Activities / Western Cape

Walking Silvermine – the Amphitheatre Route Around the Dam

Updated Monday, 28 January 2019

 I may think I know Silvermine because I’ve done the banks of the dam umpteen times with friends and family, lazying away the day over picnics and a stroll along the reservoir trail. But this weekend we were to see the dam from a totally different perspective, and I found new respect for the beauty which is ours for the taking in Cape Town.

Walking Silvermine, the Amphitheatre Route Around the Dam: We whip out our Wild Card at the gate (the fees have now risen to R25 a person) and are aghast to see that on this autumnal Sunday cars are already lined along the road from the car park. It’s not surprising given the stillness of the day and the sunshine.

Now on foot, we swing left at the boom just before the new boardwalk and toilets at the entrance to the dam, and head up below the the water reservoir, catching a glimpse, as the path meets the boardwalk, of the numbers of fires and people on the sides of the dam. The consistent murmur of voices is surprisingly loud and I’m glad we’re not here to enter the fray.

At this stage of the walk, up along the loose gravel path that heads up towards the Steenberg Plateau, we pass numerous other hikers, their dogs, and mountain bikers sending it down the hill. But soon we have the place almost to ourselves, passing only another three groups during the duration of our time spent on the mountain.


Photographs — Left: HT we branch off / Right: Crassula

Just over halfway up, we take a right turn at a little wooden stump on which there is a yellow shoe print and the letters HT – hiking trail? (it faces the top of the ridge, not the dam, so you’ll need to look out for it). Our six year old seems relieved to get off the steep gravel path, with little idea that from here, almost all the way to Crassula Edge, we shall walk uphill, most of it up stone hewn steps.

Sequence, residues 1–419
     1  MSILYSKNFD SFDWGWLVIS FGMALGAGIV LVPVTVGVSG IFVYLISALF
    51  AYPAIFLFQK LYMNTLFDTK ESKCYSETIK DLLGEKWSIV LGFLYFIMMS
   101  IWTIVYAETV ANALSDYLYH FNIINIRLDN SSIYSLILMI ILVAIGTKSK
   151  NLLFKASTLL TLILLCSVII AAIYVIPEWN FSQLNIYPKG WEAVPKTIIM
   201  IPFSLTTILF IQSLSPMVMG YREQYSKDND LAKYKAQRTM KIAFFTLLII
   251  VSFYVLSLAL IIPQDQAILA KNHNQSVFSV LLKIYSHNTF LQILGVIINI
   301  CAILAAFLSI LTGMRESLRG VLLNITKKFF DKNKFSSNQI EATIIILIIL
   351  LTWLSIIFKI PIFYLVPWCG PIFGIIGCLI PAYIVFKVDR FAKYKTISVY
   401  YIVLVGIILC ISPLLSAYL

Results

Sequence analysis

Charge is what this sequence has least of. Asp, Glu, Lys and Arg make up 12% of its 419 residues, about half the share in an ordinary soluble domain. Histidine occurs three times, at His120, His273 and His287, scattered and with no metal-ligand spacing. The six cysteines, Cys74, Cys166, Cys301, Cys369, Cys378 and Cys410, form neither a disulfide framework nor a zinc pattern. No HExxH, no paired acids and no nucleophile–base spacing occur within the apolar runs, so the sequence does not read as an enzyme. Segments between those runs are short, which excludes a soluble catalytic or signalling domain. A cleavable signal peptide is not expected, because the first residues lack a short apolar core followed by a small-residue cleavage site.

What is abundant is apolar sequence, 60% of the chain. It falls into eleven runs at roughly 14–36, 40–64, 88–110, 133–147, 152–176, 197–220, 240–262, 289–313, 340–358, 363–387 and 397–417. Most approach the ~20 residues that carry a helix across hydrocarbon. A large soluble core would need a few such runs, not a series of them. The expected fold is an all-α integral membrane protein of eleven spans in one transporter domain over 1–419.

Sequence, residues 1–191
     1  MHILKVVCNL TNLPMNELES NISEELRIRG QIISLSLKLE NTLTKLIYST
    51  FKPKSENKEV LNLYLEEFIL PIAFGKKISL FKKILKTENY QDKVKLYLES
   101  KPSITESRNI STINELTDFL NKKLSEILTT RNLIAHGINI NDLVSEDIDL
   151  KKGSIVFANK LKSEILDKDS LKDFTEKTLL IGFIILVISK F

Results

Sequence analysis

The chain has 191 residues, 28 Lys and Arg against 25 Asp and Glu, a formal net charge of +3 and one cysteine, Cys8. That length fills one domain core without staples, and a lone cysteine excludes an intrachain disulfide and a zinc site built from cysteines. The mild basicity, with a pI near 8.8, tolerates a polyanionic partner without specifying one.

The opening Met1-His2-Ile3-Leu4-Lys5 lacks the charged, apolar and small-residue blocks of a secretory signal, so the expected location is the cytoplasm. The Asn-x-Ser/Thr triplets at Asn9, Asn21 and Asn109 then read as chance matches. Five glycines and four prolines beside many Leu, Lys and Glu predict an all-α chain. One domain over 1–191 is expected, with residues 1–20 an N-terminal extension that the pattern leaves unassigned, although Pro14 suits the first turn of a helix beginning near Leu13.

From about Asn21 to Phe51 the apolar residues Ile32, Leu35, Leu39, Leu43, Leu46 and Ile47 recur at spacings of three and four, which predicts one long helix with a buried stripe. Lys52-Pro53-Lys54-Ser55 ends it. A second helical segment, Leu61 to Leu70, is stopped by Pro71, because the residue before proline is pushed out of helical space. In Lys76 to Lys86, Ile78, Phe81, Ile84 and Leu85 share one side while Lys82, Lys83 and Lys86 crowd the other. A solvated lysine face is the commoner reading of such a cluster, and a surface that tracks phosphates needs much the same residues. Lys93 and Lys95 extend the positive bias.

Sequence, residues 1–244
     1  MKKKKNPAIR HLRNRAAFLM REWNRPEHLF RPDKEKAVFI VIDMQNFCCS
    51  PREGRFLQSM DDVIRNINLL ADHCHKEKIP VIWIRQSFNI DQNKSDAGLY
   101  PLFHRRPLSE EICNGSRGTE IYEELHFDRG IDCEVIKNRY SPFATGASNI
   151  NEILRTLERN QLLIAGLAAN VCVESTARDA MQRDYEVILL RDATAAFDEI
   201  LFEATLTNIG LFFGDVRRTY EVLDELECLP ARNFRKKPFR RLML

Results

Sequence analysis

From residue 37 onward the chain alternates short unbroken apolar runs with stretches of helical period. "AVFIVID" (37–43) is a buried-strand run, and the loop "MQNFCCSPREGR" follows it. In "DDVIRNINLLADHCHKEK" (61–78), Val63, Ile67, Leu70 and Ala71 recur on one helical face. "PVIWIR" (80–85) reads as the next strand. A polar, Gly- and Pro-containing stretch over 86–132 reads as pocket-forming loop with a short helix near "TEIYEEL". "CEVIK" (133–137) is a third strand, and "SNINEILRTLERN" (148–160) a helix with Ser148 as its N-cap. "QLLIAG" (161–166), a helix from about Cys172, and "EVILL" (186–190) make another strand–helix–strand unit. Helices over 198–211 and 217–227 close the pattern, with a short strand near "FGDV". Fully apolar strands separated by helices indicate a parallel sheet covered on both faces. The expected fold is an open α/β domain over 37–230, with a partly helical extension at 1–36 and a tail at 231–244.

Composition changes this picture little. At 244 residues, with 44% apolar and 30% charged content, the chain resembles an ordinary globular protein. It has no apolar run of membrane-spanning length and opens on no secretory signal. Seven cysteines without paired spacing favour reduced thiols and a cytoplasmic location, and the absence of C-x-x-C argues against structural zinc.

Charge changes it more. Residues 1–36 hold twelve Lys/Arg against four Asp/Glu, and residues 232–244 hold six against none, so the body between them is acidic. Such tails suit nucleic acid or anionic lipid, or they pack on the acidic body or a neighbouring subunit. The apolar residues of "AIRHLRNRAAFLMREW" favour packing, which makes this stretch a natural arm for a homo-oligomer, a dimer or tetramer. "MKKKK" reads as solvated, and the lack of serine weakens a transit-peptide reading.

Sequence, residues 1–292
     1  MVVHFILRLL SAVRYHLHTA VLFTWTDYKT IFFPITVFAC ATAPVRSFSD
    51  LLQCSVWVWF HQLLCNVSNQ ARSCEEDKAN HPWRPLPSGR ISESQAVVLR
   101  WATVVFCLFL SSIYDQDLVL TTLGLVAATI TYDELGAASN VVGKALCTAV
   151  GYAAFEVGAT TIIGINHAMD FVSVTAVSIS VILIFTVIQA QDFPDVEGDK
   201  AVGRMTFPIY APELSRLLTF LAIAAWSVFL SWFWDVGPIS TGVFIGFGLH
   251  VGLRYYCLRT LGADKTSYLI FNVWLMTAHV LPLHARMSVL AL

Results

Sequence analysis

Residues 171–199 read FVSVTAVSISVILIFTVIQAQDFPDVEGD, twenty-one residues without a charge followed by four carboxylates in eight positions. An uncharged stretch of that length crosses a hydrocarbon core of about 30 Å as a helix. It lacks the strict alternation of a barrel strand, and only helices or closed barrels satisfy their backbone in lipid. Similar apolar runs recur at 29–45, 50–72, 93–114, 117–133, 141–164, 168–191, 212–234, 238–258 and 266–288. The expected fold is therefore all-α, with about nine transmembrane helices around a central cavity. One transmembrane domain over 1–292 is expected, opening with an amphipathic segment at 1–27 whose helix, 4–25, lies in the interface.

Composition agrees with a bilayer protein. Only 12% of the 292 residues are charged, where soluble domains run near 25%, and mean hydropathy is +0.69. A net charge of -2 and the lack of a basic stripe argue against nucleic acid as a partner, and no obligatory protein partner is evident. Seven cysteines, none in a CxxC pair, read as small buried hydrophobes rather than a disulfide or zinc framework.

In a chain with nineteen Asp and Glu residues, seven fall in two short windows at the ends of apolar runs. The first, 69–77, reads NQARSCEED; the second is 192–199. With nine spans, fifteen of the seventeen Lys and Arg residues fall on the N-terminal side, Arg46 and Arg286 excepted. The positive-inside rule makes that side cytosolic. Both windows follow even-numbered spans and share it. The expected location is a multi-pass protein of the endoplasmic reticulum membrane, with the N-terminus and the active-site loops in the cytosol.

It was probably a good thing I had no clue either, as I’m not fond of climbs. The great thing about this walk though, is that the uphill is not noticeable, not until right at the top when the steps become fairly steep, but the fynbos and views more than make up for any discomfort. Afterwards when we looked back to how high we had climbed, the negligible effort required to get there seemed more than a fair trade for the vistas it presented.

This stunning hike lies in the northern parts of Silvermine Nature Reserve, which is part of the great Table Mountain National Park. I mention this around now because as you rise and stop to look at various view spots, so the full implication and geographical layout of the peninsular becomes more obvious.

Initially the views over False Bay are incredible. If you have visitors to the country staying with you, this is one hike you want to take them on, when it comes to explaining the various bays and parts of the peninsular to them. One can see right the way (on a clear day – summer’s hazy hot days may not offer as fine a view) to the Strand and beyond, whilst on the other side, Fish Hoek, and then a little later, even Simon’s Town are clearly visible.


Photograph — A moment …